The Hyakumantō Darani, also known as "One Million Pagodas and Dharani Prayers", is one of the first recorded examples of printing in the world, as well as the earliest known use of woodblock printing in Japan. The rolls were commissioned in 764 by Empress Shōtoku, who ordered that one million wooden pagodas, containing a printed scroll, be distributed around the country to give thanks for the suppression of the Emi rebellion.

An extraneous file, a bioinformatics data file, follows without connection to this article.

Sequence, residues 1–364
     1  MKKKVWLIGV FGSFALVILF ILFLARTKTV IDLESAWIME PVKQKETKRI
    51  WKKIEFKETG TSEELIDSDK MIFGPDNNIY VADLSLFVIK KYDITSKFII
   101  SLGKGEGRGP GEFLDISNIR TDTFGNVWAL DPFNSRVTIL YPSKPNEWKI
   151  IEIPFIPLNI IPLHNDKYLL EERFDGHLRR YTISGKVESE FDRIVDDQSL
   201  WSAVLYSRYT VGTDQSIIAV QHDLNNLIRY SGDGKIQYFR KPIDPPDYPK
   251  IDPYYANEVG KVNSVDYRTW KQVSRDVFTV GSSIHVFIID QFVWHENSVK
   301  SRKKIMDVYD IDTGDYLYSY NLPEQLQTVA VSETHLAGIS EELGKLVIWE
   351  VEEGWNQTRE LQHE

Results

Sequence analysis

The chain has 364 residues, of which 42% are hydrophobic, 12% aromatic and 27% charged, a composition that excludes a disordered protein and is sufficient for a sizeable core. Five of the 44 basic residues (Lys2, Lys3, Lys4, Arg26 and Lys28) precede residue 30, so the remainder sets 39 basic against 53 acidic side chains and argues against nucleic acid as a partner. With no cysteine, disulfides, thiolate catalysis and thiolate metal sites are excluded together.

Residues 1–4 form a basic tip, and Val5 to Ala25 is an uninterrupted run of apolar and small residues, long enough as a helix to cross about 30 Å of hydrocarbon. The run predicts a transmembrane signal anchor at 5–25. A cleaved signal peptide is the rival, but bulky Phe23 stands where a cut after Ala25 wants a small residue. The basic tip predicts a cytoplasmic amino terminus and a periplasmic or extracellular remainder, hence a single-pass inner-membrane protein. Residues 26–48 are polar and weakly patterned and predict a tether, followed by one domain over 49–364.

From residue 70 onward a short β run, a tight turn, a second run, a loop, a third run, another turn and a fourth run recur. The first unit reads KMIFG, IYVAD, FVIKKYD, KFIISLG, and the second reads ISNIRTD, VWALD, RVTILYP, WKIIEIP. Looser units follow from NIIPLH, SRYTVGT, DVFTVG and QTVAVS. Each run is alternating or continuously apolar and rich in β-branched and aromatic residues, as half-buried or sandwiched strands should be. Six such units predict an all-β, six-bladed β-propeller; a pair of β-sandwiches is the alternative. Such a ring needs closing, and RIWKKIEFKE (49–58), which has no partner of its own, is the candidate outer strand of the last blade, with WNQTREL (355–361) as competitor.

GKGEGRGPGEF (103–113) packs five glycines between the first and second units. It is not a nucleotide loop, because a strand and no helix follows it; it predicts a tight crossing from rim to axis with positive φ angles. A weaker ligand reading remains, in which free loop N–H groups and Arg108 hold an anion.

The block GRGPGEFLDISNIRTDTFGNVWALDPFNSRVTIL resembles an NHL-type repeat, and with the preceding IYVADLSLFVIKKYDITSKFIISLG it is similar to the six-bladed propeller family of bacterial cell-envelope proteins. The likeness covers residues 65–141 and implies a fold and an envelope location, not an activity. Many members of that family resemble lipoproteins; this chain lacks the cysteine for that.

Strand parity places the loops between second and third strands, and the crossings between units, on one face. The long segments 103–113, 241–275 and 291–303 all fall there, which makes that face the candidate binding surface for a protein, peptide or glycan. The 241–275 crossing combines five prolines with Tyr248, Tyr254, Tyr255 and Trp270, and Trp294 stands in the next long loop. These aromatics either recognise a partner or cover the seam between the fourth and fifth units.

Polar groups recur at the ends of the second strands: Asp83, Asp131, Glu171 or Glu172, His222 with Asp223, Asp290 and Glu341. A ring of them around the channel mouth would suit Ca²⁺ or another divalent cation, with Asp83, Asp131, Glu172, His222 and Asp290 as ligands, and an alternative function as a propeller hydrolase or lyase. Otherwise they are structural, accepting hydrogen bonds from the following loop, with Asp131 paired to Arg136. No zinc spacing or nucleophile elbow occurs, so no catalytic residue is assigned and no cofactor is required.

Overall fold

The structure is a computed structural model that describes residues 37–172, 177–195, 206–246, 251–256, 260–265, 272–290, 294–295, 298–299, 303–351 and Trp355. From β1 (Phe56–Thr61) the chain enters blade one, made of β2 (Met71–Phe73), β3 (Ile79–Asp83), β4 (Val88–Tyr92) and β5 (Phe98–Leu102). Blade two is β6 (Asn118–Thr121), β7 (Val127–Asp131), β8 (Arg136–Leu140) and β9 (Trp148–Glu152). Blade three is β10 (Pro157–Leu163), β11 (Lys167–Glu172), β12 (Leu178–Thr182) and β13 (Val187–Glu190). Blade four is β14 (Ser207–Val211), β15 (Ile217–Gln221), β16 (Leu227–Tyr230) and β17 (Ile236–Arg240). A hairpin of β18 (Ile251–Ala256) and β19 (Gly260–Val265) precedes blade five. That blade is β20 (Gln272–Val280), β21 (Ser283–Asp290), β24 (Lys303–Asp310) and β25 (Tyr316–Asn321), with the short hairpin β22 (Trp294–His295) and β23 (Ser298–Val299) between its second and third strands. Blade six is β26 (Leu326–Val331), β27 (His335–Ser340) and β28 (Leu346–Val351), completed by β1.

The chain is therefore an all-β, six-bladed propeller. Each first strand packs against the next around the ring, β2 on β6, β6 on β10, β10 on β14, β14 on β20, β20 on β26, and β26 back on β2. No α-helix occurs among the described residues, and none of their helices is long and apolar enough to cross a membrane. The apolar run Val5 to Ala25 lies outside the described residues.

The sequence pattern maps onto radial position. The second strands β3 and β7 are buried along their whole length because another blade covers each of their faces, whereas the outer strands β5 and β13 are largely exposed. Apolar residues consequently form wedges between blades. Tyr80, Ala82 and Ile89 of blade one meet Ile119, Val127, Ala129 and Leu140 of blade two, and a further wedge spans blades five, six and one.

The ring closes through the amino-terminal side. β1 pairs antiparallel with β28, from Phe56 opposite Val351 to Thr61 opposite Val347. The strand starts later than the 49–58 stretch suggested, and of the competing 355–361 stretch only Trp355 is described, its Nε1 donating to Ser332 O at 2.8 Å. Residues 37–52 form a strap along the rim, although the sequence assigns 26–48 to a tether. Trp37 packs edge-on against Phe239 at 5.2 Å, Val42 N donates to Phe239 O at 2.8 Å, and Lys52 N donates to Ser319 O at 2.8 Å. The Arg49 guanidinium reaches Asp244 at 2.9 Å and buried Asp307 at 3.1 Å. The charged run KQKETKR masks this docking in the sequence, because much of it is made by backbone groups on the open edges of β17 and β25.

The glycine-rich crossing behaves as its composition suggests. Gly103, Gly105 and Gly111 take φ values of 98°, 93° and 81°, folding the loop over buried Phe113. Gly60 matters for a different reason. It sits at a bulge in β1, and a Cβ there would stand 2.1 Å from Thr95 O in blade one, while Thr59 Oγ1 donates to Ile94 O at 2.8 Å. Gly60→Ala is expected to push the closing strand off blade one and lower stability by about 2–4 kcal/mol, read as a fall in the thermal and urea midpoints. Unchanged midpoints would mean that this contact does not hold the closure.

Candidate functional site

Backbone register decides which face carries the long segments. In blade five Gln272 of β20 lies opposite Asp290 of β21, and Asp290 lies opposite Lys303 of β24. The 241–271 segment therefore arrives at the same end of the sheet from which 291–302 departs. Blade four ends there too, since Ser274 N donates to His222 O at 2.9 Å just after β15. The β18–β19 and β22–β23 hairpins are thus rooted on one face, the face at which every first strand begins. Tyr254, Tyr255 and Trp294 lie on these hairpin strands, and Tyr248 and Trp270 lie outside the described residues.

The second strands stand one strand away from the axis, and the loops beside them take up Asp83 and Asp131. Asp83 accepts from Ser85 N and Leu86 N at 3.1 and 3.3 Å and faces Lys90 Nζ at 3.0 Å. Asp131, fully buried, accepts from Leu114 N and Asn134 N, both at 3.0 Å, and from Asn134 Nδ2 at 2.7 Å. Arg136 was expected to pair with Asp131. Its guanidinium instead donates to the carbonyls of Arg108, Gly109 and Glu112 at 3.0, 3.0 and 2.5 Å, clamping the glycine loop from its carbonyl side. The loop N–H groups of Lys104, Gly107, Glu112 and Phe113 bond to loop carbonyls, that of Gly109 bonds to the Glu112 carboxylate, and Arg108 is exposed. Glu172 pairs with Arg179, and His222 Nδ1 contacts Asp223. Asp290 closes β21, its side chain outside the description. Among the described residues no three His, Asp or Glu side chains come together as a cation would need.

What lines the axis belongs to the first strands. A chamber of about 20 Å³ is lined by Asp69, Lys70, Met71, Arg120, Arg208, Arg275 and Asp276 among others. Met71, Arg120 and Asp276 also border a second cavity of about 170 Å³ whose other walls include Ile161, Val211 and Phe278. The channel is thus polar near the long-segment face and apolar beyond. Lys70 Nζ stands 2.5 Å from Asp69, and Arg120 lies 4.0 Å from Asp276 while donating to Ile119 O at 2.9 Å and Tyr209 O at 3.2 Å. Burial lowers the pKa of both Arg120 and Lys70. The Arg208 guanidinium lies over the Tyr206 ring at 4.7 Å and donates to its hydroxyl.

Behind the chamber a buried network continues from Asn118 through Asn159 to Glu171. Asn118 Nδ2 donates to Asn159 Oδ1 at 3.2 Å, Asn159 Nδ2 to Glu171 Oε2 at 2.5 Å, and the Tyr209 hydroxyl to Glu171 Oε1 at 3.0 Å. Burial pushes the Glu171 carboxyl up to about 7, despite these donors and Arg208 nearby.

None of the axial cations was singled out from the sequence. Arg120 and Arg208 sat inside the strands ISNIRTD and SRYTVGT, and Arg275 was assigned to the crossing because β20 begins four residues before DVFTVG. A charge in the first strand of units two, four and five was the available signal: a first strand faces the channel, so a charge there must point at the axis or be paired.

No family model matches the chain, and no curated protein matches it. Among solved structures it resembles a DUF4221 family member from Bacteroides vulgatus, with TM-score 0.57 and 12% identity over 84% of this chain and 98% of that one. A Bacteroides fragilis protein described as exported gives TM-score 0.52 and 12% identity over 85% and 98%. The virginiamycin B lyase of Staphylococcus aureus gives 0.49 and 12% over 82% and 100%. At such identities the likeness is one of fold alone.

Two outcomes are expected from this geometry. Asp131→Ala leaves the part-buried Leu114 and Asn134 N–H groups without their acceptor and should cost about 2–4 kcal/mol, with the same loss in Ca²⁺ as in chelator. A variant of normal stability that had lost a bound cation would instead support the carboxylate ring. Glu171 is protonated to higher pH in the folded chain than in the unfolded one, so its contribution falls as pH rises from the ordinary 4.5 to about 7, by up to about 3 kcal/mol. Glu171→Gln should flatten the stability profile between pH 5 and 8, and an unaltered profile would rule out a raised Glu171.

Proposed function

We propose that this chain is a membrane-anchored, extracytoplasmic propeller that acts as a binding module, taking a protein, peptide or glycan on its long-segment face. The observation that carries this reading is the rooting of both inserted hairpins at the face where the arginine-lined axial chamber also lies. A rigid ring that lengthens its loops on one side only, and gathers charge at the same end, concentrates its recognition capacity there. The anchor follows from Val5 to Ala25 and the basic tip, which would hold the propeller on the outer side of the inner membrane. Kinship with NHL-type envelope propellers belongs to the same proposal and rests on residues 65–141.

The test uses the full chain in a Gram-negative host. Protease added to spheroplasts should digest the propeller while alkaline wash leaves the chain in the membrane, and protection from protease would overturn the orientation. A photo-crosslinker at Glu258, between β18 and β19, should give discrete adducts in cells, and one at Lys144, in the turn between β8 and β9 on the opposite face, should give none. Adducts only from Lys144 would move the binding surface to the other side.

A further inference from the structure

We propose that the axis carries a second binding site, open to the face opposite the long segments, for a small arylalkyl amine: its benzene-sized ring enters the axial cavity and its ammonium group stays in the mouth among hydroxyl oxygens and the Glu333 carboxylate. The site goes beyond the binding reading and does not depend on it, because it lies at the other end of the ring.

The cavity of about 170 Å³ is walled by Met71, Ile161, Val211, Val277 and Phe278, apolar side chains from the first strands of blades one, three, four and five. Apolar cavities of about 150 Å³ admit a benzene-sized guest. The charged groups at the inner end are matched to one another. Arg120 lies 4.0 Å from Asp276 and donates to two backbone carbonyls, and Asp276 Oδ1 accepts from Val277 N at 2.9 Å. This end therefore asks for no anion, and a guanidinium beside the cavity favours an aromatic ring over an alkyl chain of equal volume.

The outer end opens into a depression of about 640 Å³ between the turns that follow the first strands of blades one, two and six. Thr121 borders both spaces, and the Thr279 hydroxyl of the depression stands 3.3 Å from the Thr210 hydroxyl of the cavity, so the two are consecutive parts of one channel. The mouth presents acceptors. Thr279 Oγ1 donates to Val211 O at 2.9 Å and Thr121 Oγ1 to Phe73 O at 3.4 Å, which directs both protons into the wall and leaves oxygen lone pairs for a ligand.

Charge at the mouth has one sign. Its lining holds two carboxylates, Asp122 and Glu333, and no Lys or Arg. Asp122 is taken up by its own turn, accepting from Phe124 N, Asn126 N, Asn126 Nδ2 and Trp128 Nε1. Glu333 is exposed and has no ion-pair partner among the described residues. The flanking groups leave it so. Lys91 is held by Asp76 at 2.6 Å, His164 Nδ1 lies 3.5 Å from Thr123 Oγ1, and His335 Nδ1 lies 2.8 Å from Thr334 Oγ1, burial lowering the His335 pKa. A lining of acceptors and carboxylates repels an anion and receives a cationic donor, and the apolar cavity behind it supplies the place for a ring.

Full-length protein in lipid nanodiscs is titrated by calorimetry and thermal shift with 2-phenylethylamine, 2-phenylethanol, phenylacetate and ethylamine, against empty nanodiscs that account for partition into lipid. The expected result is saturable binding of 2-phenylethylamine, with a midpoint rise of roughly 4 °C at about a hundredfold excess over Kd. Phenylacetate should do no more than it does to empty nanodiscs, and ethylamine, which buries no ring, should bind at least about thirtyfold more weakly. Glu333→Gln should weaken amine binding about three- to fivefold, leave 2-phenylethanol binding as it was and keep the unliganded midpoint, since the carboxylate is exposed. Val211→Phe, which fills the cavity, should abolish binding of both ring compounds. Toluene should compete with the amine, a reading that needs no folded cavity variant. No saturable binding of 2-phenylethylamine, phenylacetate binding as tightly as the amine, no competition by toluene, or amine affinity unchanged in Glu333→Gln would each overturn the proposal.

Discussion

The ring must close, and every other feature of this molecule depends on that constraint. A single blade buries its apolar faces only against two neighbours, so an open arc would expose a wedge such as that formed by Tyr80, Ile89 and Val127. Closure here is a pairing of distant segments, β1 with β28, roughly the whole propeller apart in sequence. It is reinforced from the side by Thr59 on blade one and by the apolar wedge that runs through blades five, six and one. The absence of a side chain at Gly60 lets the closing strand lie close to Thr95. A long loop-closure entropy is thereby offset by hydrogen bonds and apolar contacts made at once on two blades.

The prayers, printed on hand-made Japanese paper that was placed inside the pagoda, are entitled Kompon, Jishinin, Sorin, and Rokudo, and celebrate peace. The lengthy printing process was completed in year 770. The scrolls contain a Buddhist prayer called Vimalasuddhaprabhasa mahadharani sutra (Mukujōkō daidarani kyō).
The wooden pagodas measure about 21.4 cm in height and consist of three stories. They were dedicated to the ten major temples of the time (Sadai-ji, Daian-ji, Shitennô-ji Yakushi-ji, Tôdai-ji, Hôryu-ji, Sûfuku-ji, Kôfuku-ji, Genkô-ji, and Kôfuku-ji). They are made of different kinds of wood: cypress for the base, and Katsura tree for the top section.